The European Union or its member states financially supported 21 of the 36 schools in Area C of the West Bank that are at risk of demolition. The other at-risk schools are in East Jerusalem. Hundreds of the structures Israel has demolished were financed by foreign donors, including 400 European-funded structures.
“Israeli officials should be on notice that razing dozens of Palestinian schools not only can block children from getting an education, but may be an international crime,” Van Esveld said. “As part of their efforts to support Palestinian schools, other countries should demand that those destroying schools should be held to account.”
For more details about the schools at risk of demolition, a timeline of recent school demolitions, and the applicable international law, see below.
Khan al-Ahmar Ab al-Hilu
About 180 people, including 90 children, live in Khan al-Ahmar Ab al-Hilu, a community east of Jerusalem established in the early 1950s – before Israel occupied the West Bank – by Bedouin Palestine refugees from the Negev desert. Israeli military planning documents do not recognize the community as a residential area, and allocate its land to the large, neighboring settlement of Maale Adumim. Israeli authorities have on many occasions since the 1980s confiscated land, demolished buildings, and expelled Palestinian residents from the Khan al-Ahmar area.
In 2016 Israeli authorities demolished 12 buildings in the community that were built without permits, leaving 60 people homeless, and in March 2017 issued demolition orders for every structure in Khan al-Ahmar Ab al-Hilu. The military is planning to forcibly relocate the residents to a site near a municipal garbage dump, which Israel calls “Jabal West,” Israeli defense minister Avigdor Lieberman told journalists in August 2017. Residents are resisting because they were not consulted, the new site is on land taken from other Palestinians, and the plan would not be economically or socially viable due to their pastoral way of life.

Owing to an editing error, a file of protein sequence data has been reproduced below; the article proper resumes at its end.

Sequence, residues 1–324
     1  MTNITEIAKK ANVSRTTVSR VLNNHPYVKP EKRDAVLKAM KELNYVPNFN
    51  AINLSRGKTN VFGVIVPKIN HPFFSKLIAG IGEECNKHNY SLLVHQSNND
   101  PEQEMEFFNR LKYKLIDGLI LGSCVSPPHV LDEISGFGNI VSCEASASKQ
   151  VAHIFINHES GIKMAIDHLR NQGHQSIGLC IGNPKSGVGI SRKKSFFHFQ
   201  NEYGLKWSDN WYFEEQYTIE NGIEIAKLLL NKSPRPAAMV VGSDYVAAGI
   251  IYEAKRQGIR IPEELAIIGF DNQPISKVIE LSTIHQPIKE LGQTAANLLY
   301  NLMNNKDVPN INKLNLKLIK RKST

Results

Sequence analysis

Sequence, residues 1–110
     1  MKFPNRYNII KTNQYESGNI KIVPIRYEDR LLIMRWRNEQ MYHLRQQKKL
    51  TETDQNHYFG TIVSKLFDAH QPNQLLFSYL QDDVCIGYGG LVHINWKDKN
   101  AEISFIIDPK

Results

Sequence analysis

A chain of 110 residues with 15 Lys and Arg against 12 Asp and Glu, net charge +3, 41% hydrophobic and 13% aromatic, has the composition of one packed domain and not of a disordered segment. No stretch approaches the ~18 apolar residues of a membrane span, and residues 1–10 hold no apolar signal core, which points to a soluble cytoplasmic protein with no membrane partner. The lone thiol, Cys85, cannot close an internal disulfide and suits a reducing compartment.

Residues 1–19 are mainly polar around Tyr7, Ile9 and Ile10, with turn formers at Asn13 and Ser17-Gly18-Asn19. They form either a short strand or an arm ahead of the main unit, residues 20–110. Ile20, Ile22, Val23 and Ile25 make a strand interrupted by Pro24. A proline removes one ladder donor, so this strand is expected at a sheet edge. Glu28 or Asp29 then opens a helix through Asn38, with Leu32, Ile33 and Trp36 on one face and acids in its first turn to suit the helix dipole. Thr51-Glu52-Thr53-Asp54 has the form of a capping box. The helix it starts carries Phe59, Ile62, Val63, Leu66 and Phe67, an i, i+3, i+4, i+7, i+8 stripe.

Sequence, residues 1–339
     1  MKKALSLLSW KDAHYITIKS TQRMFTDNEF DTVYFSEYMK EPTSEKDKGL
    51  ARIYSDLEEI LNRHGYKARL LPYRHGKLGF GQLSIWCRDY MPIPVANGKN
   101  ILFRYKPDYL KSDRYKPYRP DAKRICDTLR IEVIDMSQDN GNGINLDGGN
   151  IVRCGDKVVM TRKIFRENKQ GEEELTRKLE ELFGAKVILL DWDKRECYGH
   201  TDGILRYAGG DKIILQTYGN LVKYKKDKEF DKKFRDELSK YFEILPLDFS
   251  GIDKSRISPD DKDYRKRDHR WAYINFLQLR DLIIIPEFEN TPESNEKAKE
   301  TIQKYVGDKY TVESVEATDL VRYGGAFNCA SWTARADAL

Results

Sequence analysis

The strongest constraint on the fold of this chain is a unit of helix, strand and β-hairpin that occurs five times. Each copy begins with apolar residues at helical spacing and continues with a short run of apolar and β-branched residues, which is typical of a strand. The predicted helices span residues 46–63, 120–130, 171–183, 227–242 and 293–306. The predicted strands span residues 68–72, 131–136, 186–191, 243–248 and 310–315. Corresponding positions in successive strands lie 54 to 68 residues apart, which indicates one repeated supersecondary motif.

Separately, associations from three Israeli settlements have repeatedly petitioned Israel’s High Court of Justice to order the demolition of the Khan al-Ahmar Ab al-Hilu primary school, which a foreign nongovernmental group helped construct in 2009 using 2,200 tires and mud mixed with falafel oil. The school serves 160 children, including children from other Bedouin communities in the area. Before the school was built, children had to travel long distances to school in Jericho, or walk on a hazardous path next to a busy highway, Route 1, to get to school; two children from the community were fatally struck by cars.
The military issued a demolition order for the school upon its completion, and several times since, but has not carried them out. Nearby settlements have petitioned for the military to enforce the orders. Israel’s High Court will hear the settlers’ petition, which Israel’s state attorney supports, at the same time as it hears a petition by Khan al-Ahmar Ab al-Hilu’s residents against the military’s plans to demolish the village, and is expected to rule on both on April 25.
Israeli forces confiscated prefabricated classrooms and other infrastructure at the elementary school in the Bedouin refugee community of al-Muntar, in Area C east of Jerusalem, in August 2017. The community has about 100 school-age children. The school was intended to serve 70 children and currently has 33, ages 5 to 11. The others walk more than two kilometers each way over steep and rough desert terrain, to the nearest elementary school – in Wadi Abu Hindi – which also has a pending demolition order. Haaretz newspaper reported that although residents have lived in al-Muntar since before the state of Israel was established, the Israeli military never recognized it or zoned it for residential construction.
The lawyer representing the residents, Yotam Ben Hillel, told Human Rights Watch that in late 2016, the military issued stop-work orders against the school and a preschool next to it that had opened in 2013 on the grounds that they lacked building permits. The military subsequently rejected the community’s application for a building permit and ordered the school’s demolition. The community appealed to the High Court of Justice, saying the demolition would unduly harm the children’s right to an education.